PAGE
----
We put together a chart to help depict a simplified bank structure that we’ve described in the sections above. 

You already know that you should be saving for:

  1. Taxes

  2. Insurance annual payments

  3. Travel & Gifts

But what else? 

If you have specific goals in mind to save for - this is great - but for those of you who find it challenging to come up with your goals, it’s not necessarily an essential starting point. We love goal setting at Mana and it’s a huge part of the work we do with clients, but it really does involve a deeper exploration of what’s important to an individual or family, not just a simple exercise that we can write in a blog. 

Thrive Global recommends to build a system rather than staying so laser focused on goals, because the system will actually propel you to achieve your goals.  This concept fits well with today’s piece. Come up with an amount between 10-20% of your normalized income that you feel comfortable stashing away into savings. Set this up as an automatic transfer into a savings account and/or brokerage account. You will see results. 

#5: Simplify and prioritize what’s most important to you with the rest.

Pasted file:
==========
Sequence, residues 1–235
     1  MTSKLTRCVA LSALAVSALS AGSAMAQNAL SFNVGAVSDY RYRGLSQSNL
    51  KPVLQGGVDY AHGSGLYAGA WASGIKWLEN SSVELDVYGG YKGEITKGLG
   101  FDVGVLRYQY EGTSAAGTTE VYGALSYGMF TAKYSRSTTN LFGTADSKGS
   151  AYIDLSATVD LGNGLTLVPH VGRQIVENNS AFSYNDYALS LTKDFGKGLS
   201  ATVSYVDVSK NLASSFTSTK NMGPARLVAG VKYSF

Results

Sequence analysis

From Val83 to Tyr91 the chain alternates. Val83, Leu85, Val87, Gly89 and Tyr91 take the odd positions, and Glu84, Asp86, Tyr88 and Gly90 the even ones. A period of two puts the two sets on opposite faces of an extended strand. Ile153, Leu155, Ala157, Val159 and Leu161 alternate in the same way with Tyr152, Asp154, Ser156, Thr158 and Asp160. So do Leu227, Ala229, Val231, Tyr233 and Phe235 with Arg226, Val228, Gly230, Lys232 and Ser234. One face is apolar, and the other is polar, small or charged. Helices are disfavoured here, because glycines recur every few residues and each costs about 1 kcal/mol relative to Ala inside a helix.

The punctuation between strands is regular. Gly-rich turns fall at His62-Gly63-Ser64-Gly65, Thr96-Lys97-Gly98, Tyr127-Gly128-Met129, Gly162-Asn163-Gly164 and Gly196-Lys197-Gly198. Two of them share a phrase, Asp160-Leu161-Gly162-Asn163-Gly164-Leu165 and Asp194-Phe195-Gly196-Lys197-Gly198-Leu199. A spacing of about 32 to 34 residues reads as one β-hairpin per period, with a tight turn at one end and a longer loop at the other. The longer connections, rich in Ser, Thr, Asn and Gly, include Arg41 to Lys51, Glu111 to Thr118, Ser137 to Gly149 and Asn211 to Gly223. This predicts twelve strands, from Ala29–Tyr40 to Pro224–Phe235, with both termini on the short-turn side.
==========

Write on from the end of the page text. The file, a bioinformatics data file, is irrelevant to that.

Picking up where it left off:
If you got lost in the mix of the numbers above, use 20% of your normalized income as your starting point for simplification and prioritization. If you’re still with me, take your remaining balance for this exercise. Here’s a little summary to help. 


When you first get started, 20% of your take home income can seem like an extreme goal. And frankly, it is! I think this is probably the most challenging part about budgeting - if you don’t have a need to budget right now, then doing so can get pushed off to next month...every single month. 

However, I can tell you from experience that necessity can drive you to make changes that you didn’t think were possible. Having been a person who went to the nail salon 2x/month, bought iced coffee everyday, bought take-away lunch every weekday, and spent $300/month on endurance related fitness classes, I can tell you - I considered each of those expenses as essential in my budget. As an entrepreneur, I paint my nails, make my own coffee, prep lunches at home and go running outside several times per week. That is my $800 - or my $700,000 in 30 years. A small daily sacrifice for a big reward. 

I challenge you to use January 2020 as your test for the 20%. Over the next 2 months, figure out your take-home pay or normalized income. Multiply it by 20%, and use that as your fun / lifestyle budget for the month of January.